By GLENN GARVIN and LAURA WIDES
Herald Staff Writers
GUATEMALA CITY -- A judge Wednesday freed a priest who had been held
for seven months as a suspect in the murder of a Roman Catholic bishop, but
allowed prosecutors to continue their investigation of the priest.
Both the Rev. Mario Orantes, the priest who has been held without bail
arrest last July, and prosecutors said they were happy with the judge's decision.
The judge could have ordered Orantes to trial or dismissed the case against him.
The judge's decision was the latest twist in the investigation of the killing
Juan Gerardi, 75, who was found beaten to death April 26 in the garage of a
church residence he shared with Orantes.
Gerardi, a passionate human rights advocate, was killed just 48 hours after
delivering a report sharply critical of the conduct of Guatemala's army during the
country's 36-year civil war that ended in 1996.
Catholic Church and human rights officials in Guatemala have argued strongly
the killing was a political assassination in retaliation for the report. But police and
prosecutors, after first concentrating on the possibility that Gerardi was killed by a
common criminal during a robbery, shifted their focus into the bishop's own home.
In July they arrested Orantes and Margarita Lopez, the live-in cook for
Lopez was released a few weeks later, but Orantes has been held despite
deteriorating health. He learned of Wednesday's decision in a hospital where he is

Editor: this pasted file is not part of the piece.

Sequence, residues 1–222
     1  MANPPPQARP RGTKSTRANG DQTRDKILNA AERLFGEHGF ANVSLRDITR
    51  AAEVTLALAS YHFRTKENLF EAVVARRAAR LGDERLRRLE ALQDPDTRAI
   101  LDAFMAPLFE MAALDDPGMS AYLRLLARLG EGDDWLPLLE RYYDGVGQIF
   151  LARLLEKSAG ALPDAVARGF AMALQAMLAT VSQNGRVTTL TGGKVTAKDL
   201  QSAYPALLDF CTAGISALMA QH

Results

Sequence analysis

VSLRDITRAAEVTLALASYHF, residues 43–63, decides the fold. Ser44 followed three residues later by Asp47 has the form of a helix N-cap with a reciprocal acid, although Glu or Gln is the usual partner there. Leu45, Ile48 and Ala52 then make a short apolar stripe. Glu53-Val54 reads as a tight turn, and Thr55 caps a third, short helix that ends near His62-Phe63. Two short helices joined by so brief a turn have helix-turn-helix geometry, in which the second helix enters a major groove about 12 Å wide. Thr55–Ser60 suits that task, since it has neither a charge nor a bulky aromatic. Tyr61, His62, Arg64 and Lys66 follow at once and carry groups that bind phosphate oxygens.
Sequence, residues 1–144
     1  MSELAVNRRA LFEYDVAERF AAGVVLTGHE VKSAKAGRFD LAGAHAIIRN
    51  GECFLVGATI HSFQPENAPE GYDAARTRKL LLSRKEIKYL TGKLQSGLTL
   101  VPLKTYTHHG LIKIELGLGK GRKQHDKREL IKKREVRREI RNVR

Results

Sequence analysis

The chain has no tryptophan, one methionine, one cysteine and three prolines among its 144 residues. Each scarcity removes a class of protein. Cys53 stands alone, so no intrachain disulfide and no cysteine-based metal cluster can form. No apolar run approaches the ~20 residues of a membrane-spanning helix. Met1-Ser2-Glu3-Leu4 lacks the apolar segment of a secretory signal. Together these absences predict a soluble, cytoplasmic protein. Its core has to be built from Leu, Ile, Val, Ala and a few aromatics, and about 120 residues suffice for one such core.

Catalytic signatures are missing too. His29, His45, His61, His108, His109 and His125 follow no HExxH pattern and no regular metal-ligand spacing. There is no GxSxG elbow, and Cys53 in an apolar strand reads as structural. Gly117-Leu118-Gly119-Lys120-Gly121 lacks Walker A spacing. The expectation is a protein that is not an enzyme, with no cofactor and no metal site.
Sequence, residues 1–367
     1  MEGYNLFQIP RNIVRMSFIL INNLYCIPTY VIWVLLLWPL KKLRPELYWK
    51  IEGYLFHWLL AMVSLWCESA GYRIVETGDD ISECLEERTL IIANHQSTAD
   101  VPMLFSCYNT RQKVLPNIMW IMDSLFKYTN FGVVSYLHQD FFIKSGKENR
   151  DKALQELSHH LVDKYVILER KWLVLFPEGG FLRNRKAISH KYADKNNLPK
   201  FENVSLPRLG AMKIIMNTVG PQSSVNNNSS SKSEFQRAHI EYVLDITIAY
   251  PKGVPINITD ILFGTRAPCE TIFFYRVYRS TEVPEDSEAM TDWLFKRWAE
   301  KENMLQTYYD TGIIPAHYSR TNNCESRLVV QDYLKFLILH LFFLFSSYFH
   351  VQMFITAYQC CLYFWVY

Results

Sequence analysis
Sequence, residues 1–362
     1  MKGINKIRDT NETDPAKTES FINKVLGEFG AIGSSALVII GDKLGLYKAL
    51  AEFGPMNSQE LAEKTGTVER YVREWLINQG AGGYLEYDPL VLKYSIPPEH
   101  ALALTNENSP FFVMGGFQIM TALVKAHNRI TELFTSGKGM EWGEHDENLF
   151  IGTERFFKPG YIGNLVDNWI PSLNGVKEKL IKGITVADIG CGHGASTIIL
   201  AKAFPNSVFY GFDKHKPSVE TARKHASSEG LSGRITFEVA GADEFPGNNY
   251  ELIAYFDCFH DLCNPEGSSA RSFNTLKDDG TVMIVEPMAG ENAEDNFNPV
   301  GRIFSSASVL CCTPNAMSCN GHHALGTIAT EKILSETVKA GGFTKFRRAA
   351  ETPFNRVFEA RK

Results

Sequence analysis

being treated for stomach ailments and severe headaches.
During a five-hour hearing Tuesday, prosecutor Celvin Galindo told Judge
Monroy that FBI investigators called in after the murder found traces of blood in
Galindo, who took over the investigation last month after the first prosecutor
resigned under pressure, said the FBI reported that Gerardi was probably
attacked by more than one person, in two different parts of the residence. FBI
chemical sweeps of the residence turned up four different types of blood -- one of
them the bishop's -- at different locations.
Orantes' attorneys strongly denied that he had anything to do with the
said the priest would provide a blood sample to be tested against the evidence
collected by the FBI.
Police and prosecutors originally offered the theory that Orantes killed
after the bishop surprised him having sex with another man. Lately they have
suggested the killing had something to do with a string of church robberies.
Church and human rights officials insist the government is making up false
accusations to cover up evidence showing that the killing was carried out on
orders of military officers angered by the bishop's human rights report.
Copyright © 1999 The Miami Herald